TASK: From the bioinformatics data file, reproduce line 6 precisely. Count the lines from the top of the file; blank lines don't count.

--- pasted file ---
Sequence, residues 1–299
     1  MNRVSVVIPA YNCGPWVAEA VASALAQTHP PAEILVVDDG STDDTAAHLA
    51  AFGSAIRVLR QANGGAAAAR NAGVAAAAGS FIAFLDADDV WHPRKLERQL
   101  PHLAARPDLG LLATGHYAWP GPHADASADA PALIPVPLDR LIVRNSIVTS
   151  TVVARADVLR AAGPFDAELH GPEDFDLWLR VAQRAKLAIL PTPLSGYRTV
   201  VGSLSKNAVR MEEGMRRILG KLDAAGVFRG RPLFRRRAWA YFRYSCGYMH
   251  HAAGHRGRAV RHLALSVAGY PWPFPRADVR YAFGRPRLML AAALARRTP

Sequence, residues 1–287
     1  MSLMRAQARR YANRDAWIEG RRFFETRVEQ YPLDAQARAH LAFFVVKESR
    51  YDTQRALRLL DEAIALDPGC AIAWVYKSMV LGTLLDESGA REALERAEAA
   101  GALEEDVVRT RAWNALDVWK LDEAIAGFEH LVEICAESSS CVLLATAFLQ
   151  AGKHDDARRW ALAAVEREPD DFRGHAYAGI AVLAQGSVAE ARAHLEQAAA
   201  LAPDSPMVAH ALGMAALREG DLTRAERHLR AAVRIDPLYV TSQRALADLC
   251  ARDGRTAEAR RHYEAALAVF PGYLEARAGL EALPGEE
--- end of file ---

   201  VGSLSKNAVR MEEGMRRILG KLDAAGVFRG RPLFRRRAWA YFRYSCGYMH